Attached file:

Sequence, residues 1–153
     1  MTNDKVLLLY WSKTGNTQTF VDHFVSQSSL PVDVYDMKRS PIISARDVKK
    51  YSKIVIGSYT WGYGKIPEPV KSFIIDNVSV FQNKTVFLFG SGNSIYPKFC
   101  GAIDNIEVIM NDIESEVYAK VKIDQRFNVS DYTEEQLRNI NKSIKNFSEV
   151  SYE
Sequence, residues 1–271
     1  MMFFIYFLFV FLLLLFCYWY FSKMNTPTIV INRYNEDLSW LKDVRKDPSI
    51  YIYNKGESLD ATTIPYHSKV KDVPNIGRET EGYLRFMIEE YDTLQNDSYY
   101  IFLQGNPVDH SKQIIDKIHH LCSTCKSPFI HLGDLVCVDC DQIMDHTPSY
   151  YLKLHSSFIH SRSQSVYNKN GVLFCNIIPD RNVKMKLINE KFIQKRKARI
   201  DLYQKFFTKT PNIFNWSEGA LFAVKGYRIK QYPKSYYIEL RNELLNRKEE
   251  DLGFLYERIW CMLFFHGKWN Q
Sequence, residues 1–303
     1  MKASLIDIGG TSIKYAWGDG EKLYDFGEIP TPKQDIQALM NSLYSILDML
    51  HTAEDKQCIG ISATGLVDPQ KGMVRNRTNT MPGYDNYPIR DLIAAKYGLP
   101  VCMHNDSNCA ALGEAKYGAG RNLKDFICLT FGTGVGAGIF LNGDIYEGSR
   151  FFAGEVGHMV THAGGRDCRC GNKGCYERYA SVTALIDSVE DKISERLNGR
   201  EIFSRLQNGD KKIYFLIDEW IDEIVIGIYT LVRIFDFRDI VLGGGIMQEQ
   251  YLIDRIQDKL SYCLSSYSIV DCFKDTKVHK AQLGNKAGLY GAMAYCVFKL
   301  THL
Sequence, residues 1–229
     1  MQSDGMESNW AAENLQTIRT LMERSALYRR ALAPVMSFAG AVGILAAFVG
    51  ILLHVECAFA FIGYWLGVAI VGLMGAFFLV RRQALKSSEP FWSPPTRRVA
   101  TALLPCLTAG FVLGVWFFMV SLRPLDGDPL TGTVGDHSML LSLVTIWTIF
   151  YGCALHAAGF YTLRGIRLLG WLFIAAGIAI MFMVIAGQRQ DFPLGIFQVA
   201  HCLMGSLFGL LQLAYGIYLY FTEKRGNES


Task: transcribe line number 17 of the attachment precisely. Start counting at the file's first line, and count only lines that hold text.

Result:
   151  FFAGEVGHMV THAGGRDCRC GNKGCYERYA SVTALIDSVE DKISERLNGR